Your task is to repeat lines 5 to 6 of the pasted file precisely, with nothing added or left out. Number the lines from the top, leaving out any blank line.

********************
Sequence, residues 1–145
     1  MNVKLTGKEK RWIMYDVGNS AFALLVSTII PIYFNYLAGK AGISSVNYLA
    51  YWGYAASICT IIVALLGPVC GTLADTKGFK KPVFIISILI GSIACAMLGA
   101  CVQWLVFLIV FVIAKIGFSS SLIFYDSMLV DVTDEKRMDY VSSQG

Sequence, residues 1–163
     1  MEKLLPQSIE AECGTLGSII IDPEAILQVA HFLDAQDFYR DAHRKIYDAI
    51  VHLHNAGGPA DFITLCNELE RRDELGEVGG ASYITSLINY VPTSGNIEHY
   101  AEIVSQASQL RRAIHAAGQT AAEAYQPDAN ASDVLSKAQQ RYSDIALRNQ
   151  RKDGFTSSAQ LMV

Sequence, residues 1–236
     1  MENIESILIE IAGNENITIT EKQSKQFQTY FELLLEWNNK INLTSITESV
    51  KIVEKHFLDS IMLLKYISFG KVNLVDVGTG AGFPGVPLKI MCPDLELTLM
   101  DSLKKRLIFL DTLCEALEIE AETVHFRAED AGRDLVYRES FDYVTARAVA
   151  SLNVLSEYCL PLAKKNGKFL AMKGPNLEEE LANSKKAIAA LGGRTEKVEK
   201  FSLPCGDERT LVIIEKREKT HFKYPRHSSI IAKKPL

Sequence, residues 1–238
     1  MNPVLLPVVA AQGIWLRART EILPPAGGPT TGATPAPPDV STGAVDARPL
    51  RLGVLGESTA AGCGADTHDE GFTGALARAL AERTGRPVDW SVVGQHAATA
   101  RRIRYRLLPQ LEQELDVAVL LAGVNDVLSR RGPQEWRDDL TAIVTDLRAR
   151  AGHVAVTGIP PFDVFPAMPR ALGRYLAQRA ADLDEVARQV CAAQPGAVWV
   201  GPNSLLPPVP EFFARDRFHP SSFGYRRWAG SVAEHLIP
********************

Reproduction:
Sequence, residues 1–163
     1  MEKLLPQSIE AECGTLGSII IDPEAILQVA HFLDAQDFYR DAHRKIYDAI